When Canada officially legalized recreational cannabis exactly two weeks ago, Canadians were engaged in some serious navel-gazing over the effects and ramifications the Cannabis Act would have on their lives.
But at the same time we were trying to figure out what exactly the cannabis rules were for the province or territory we live in and how to actually get cannabis legally, the entire world was watching Canada, and it’s always interesting to see what those on the outside looking in thought of the most historic change to Canadian drug policy in almost a century.
One of those people was popular American YouTuber Philip DeFranco, who has over 6.3 million subscribers and hosts one of the biggest news shows on the platform. On Oct. 24, Philip DeFranco weighed in on “Canada Legalization Wins and Fails” in a six and a half minute segment so, like his catchphrase, “let’s just jump into it”!
First, the numbers
DeFranco said that according to one report, over 111 cannabis retail shops opened across the country on the first day, and the SQDC, which he called a “manager of [cannabis] sales in Quebec” (although it’d be more accurate to call the SQDC a government-run cannabis monopoly), recorded over 12,500 instore transactions and 30,000 online orders.
With the SQDC receiving so many orders, DeFranco said it quickly ran out of supply, and over in Manitoba, the government agency in charge said that shortages could last for months.
DeFranco described Bill Blair as a “Canadian legislator who pushed for legalization” but in reality, the former Toronto police chief (who was the government point man on cannabis) was probably one of the worst people Trudeau could have appointed to the position from the standpoint of cannabis activists, as his only experience with cannabis was busting and arresting those who grew or possessed it- he still maintains to this day that he’s never even tried it.
But having a former cop in charge of the cannabis file gave the Trudeau government some credibility amongst those who opposed cannabis legalization in the first place, and that perhaps made it easier for the government to pass the Cannabis Act, although the Conservatives were still almost unanimously opposed to it.
Mr. Blair was quoted as saying:
“We expected certain strains might run out and there would be a bit of a run on supply. But, you know, they’ve got a pretty good infrastructure in place and I’m confident it will work.”
Time to eat those words. DeFranco said that the strain on the supply chain was so bad that stores in Edmonton closed and one store owner said that the provincial wholesale distributor, the AGLC, had no products to offer.
Oh and by the way, doesn’t the picture of Bill Blair kind of look like he’s having a stroke?
ALCANNA claimed it made $1.3 million in its first 5 days of operations through the five stores it operates in Alberta, and the province sold $737,000 worth of product through its government-run online store.
DeFranco also addressed rumors that Canada paid off its entire federal debt- around $660 billion- one day after legalization, which was posted by a satire website and not true.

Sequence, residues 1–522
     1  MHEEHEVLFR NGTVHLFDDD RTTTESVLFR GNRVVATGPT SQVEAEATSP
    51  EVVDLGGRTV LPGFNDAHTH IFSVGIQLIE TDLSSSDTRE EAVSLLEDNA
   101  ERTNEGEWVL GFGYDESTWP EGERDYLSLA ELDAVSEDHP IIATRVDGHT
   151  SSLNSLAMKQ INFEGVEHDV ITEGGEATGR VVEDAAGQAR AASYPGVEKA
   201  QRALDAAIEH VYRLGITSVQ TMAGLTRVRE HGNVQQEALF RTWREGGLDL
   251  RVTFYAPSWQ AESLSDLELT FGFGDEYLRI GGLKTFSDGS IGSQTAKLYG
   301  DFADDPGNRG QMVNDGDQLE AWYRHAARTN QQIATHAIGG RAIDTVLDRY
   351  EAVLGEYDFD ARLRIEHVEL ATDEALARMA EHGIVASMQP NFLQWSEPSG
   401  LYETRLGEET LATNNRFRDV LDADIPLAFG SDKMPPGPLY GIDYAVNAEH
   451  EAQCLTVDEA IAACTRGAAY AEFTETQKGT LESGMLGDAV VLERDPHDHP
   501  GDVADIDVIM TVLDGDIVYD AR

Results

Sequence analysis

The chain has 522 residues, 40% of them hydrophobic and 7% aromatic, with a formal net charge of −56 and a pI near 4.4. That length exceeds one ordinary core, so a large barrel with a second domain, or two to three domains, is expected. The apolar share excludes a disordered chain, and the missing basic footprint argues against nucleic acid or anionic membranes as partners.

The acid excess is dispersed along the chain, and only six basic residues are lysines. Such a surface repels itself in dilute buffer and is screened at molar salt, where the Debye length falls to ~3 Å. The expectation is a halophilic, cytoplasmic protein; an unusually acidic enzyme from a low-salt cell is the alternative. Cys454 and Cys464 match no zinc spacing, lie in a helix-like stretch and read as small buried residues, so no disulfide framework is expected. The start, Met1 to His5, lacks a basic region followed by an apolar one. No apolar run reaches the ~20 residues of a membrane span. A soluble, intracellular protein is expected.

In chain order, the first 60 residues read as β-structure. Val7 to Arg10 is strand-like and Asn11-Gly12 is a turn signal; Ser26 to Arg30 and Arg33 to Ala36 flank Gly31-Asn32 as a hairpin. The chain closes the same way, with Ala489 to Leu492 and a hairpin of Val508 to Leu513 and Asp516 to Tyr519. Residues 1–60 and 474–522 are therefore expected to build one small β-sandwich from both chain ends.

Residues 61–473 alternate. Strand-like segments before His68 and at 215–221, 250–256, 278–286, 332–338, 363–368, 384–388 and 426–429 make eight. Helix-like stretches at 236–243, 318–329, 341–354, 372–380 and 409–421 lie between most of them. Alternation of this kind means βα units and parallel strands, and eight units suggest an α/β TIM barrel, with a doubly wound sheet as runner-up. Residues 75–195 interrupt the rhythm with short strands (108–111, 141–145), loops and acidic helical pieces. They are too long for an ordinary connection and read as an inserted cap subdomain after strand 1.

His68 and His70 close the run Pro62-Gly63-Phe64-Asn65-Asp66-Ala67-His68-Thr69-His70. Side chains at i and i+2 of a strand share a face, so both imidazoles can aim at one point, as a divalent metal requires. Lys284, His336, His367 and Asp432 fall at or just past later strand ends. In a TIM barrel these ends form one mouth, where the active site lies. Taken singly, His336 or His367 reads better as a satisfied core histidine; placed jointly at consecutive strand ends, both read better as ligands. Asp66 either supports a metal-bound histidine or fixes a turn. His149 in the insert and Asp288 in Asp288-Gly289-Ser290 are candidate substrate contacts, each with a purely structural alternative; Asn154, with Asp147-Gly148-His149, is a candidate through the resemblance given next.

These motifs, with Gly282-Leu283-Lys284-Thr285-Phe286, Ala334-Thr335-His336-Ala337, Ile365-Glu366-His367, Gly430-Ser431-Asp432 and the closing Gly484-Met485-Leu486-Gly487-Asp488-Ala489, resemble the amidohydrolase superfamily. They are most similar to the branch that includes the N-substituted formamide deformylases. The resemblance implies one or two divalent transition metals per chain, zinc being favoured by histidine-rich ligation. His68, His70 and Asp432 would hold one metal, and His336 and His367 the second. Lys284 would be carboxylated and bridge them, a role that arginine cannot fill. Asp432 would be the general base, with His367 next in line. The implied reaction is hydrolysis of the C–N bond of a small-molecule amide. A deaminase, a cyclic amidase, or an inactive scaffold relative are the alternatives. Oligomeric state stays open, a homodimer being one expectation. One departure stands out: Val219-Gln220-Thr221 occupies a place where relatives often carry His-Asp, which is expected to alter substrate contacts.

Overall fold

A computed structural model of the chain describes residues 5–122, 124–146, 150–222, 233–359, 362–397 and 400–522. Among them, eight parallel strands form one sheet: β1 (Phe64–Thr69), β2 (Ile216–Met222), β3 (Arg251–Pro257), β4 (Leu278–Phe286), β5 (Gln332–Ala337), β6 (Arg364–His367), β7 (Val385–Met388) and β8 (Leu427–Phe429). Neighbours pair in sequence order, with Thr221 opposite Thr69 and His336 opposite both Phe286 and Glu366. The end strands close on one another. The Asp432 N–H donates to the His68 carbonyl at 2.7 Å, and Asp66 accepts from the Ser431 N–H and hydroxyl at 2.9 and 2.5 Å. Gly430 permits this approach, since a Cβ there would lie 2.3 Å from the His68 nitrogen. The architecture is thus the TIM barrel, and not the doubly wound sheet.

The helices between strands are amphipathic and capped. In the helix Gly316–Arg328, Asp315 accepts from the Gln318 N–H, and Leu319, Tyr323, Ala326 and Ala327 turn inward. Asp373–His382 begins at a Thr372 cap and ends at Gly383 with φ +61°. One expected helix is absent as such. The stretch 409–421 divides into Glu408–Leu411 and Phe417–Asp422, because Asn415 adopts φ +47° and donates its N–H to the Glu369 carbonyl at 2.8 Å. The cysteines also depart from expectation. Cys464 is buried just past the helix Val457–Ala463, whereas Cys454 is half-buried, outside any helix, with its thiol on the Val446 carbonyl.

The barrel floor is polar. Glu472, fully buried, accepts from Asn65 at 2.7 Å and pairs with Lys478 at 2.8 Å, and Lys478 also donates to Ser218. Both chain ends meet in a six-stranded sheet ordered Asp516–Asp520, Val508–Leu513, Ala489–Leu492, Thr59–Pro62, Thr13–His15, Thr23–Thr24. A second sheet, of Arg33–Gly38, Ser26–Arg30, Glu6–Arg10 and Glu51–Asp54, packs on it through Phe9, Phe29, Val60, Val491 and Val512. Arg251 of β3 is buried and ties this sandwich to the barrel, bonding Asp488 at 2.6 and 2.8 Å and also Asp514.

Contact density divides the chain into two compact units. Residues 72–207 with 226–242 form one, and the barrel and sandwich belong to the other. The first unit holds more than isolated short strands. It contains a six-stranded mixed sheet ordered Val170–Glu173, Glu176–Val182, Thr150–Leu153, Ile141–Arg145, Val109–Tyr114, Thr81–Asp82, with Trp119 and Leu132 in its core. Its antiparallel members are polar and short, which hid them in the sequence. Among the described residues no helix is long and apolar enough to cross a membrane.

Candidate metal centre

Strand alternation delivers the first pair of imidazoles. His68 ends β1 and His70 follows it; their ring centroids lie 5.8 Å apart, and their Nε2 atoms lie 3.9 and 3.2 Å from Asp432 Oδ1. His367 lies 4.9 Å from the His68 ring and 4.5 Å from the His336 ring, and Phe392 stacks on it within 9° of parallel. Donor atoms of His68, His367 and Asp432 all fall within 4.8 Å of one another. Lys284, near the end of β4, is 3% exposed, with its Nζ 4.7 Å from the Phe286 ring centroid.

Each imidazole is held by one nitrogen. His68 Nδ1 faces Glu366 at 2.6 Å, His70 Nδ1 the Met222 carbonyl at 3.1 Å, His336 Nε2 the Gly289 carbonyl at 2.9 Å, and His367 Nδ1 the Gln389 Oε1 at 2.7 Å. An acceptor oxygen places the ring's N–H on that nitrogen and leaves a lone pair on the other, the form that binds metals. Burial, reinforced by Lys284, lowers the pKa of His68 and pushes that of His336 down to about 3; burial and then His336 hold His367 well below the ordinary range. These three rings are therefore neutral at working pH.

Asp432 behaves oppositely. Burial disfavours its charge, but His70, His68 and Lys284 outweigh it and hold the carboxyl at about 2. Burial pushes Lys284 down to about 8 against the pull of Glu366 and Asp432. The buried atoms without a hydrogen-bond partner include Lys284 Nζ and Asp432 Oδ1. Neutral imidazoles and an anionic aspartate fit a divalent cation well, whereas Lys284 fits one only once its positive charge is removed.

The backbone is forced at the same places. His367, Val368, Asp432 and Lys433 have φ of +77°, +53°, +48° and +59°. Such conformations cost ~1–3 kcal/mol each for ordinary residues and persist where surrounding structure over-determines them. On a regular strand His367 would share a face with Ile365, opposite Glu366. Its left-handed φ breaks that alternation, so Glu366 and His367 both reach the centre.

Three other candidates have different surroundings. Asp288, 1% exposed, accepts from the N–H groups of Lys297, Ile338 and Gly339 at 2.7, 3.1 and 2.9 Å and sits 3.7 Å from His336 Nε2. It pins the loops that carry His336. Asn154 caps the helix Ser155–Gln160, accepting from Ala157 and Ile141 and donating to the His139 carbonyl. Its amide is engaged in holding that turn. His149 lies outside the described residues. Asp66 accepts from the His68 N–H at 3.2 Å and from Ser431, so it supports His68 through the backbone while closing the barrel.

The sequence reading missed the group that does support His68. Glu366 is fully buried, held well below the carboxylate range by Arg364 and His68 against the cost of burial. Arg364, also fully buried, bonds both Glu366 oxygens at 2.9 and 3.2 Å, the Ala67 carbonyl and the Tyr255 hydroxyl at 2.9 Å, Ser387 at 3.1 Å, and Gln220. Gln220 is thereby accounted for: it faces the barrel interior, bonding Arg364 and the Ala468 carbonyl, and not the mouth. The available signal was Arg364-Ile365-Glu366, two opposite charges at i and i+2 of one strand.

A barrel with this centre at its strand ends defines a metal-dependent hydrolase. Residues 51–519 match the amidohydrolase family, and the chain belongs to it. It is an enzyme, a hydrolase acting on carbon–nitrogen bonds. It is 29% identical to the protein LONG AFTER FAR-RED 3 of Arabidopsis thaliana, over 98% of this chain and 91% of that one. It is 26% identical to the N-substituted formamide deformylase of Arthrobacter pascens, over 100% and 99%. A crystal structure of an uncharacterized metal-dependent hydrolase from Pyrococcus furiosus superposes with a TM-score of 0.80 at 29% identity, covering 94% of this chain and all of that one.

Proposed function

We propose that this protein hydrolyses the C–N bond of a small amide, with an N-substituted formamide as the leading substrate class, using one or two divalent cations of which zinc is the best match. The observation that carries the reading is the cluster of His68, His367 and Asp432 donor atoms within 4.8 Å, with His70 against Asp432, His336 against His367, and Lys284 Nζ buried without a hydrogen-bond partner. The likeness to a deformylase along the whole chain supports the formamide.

DeFranco also reported that Arcview, a cannabis market research group, estimates cannabis will bring in $1.3 billion this year, with Canadians spending $4.4 billion a year on cannabis, according to Stats Canada.
Aside from the cannabis shortages, DeFranco said:
“Some customers complained that online deliveries weren’t working, there were changes in shipping estimates, wrong products were sent, there was no follow-up, and not only that, there was a rotating strike at the Canadian postal service which has affected delivery times as well.”
He also talked about cannabis pricing and taxes and how Canadians were complaining about them being so high that 36% of Canadians said it was unlikely they’d switch over to legal cannabis.
There were also issues over too much plastic and packaging- “over 70 grams of plastic foil and cardboard for just 1 gram of cannabis!”
DeFranco also talked about the impact legalization had on growers, quoting one grower as saying:
“You either went out of business or you got bigger to deal with it”.
He also points out how the activists, growers, and everyone else who fought for legalization are at risk of getting pushed out by much larger corporate interests with deeper pockets.
DeFranco also talks about the international repercussions of Canada legalizing and focuses on South Korea in particular.
When traveling abroad, many countries require their citizens to not only follow local laws, but the laws of their home country, and while cannabis is now legal in Canada, it’s still very much illegal in South Korea.
South Korea is notorious for aggressively pursuing cannabis charges against its citizens who use it abroad, and there are tens of thousands of South Korean students in Canada with many more tourists that visit each year, and the South Korean embassy warned its citizens in Canada that it’s still illegal for them to use it.
If you’re caught, you’re looking at fines of up to 50 million won (roughly $58,000 CDN) or 5 years in jail!
DeFranco’s message on cannabis for South Koreans in Canada:
“Just don’t do it… or don’t tweet about it and don’t have narcs as friends.”
He ends the segment with strong support for legalization and decriminalization, saying:
“It’s crazy to me that marijuana is still so villainized and it’s crazy to me that there are people in jail right now because they had weed on them.”